Do you ever wonder who makes up all of those do-it-yourself
household tips you see in magazines and newspapers? I have a hunch
they are invented by the same type of people who clean the slats in
their mini blinds, organize their linen closets by color and whose
primary function in life is to make the rest of us look bad.
Do you ever wonder who makes up all of those do-it-yourself household tips you see in magazines and newspapers? I have a hunch they are invented by the same type of people who clean the slats in their mini blinds, organize their linen closets by color and whose primary function in life is to make the rest of us look bad.
Their motto is, “truly domestically gifted people never need to buy household products,” especially when they can spend more time and money making them at home.
I recently went through a phase where I was brainwashed into believing that even I could make household products that were better, cheaper, and more politically correct than those I could find at the store.
My first creation was a recipe for an all-purpose (and I use this term loosely) cleaning product. The recipe promised to produce a mixture that I could use as a solvent, air freshener, carpet deodorizer and perfume.
Armed with nothing but a big metal bucket and limited domestic experience, I poured in the first two ingredients: vodka and tea tree oil.
But, just as I was beginning to daydream about my sparkling clean tile, I got to the part about adding “lime essential oil” and “grapefruit essential oil” that I had apparently missed before.
I was sure I didn’t have any – even though I had no idea what “essential oil” was, other than the kind you have to change in the car every three months – so I tossed a capful of orange juice into the bucket instead.
When I was finished, my homemade cleaner smelled more like a cross between dandruff shampoo and a mimosa – and I wasn’t sure whether to clean my grout, wash my hair or prepare hors d’oeuvres.
Next, I found a recipe for making homemade deodorant. I’m not sure what intrigued me more, the challenge of having to use a double boiler or the thought of saving three dollars.
Nevertheless, I prepared a mold from a recycled toilet paper roll and melted a combination of beeswax, distilled water, rubbing alcohol, cornstarch and baking soda in the double boiler. When it finally cooled, three hours later, I had a perfect tube of homemade deodorant. Cost: $17.32.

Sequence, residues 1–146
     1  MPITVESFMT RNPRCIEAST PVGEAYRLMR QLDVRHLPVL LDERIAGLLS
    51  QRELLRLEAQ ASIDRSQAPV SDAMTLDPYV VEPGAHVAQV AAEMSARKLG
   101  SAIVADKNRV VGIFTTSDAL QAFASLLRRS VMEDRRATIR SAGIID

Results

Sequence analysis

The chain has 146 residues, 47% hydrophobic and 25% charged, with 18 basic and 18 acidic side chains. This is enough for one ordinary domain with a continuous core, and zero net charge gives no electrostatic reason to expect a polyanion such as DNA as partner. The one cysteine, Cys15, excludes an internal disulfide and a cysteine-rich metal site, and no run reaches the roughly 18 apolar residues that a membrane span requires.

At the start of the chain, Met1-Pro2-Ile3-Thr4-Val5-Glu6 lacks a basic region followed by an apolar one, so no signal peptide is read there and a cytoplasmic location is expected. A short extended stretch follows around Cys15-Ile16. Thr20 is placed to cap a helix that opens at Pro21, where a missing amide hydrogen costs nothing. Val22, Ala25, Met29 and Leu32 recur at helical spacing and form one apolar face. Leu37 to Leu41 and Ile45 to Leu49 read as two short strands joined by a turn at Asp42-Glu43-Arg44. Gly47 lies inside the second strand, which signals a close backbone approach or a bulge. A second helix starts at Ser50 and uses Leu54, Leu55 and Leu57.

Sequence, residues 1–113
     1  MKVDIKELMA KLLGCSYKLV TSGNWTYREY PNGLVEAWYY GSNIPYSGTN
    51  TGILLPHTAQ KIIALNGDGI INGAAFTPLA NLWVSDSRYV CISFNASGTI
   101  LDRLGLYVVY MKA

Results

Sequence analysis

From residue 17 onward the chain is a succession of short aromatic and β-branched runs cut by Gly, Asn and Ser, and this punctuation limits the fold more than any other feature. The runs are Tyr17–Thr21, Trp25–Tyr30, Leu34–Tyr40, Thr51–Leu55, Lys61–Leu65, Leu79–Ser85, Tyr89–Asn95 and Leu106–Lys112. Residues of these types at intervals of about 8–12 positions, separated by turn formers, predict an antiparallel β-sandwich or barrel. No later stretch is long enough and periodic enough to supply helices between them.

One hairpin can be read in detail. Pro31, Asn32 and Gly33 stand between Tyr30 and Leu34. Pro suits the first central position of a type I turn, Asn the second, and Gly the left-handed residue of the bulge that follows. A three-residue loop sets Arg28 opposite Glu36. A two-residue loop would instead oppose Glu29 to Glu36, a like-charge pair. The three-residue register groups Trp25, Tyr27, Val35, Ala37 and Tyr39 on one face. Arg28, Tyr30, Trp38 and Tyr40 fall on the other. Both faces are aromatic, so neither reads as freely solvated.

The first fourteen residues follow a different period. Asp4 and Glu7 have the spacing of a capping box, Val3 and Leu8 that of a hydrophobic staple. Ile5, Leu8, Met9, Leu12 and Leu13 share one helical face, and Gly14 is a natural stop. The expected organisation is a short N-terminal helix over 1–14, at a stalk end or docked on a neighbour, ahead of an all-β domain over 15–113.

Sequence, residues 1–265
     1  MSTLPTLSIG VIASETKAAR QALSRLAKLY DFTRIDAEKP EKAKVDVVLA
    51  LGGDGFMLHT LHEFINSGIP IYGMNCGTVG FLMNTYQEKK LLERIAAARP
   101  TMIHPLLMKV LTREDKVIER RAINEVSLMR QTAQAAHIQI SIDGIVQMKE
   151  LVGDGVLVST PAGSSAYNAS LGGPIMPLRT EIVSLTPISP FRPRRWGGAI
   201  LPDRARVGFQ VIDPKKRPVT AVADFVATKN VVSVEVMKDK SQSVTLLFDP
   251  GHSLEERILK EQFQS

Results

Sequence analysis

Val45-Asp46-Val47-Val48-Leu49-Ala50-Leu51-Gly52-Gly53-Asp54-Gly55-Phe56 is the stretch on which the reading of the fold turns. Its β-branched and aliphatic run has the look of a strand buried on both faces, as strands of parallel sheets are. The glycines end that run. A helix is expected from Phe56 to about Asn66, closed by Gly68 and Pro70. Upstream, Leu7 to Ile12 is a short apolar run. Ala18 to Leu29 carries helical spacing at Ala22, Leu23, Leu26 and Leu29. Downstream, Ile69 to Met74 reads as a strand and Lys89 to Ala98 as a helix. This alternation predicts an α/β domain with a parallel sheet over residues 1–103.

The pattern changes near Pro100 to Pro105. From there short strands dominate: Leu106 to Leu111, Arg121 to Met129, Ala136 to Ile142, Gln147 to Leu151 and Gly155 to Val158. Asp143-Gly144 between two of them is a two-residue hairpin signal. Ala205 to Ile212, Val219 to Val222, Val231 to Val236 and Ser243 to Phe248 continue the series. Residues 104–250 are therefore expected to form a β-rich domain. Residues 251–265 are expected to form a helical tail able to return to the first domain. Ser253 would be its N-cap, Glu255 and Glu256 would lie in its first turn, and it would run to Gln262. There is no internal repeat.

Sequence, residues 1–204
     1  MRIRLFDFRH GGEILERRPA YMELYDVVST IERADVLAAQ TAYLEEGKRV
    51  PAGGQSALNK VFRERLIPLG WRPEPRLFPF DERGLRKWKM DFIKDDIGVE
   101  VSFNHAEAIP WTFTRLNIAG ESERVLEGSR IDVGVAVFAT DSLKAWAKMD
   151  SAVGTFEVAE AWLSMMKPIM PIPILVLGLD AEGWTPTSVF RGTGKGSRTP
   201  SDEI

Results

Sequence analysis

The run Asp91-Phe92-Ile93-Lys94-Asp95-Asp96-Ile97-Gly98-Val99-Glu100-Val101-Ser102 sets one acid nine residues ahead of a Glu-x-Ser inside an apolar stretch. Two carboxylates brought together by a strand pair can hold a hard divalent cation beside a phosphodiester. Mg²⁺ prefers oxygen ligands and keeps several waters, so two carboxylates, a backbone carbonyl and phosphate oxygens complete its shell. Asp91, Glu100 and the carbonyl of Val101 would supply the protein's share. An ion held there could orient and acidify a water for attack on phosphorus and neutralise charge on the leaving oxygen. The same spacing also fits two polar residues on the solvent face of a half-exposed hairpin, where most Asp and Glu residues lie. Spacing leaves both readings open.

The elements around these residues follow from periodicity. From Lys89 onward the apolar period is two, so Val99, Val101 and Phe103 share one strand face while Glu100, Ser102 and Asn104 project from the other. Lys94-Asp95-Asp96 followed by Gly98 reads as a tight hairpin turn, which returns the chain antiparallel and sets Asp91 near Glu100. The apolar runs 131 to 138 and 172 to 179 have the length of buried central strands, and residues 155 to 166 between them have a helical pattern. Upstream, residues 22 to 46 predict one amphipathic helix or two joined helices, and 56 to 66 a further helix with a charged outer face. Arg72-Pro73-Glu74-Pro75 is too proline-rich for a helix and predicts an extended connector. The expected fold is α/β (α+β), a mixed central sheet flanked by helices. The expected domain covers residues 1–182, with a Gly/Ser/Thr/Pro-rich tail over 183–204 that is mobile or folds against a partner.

And so for a while I swore off making anymore household products. Then I read an article about how I could get rid of all of the snails in my garden by setting out pans of beer.
According to the author, snails were supposed to be attracted to the beer, slither over for a sip, become intoxicated, then fall head-first into the pan. This seemed plausible since I had seen many of my friends do this in college. But what if it didn’t work?
I envisioned a band of snails carousing through my garden, trampling my geraniums while doing the limbo, then waking up all of the neighbors singing loud, off-key versions of “Louie, Louie,” into the early hours of the morning.
I decided to try it anyway because it seemed fast, cheap and easy. Besides, what did I have to lose?
But, by the time I had used up my last six pack, my garden didn’t look any better, I hadn’t found one inebriated snail, and the only living thing actually drinking from the pans of beer was my husband.
Once again, I swore off making my own household products.
Then my neighbor, who I suspect is a distant relative of Martha Stewart, brought over a soap recipe that she swore was the best thing since homemade hairspray.
And all I needed was nine pounds of animal fat, a cup of borax, some rosin, a can of lye and a giant vat.
I would just have to save up the fat, figure out what the other ingredients were and then melt them together. It could be a nice little project if I had nothing better to do for, say, the next three months.
Instead, I decided to go to grocery store and buy a bar of bath soap for eighty-nine cents.
Sometimes it’s just easier that way.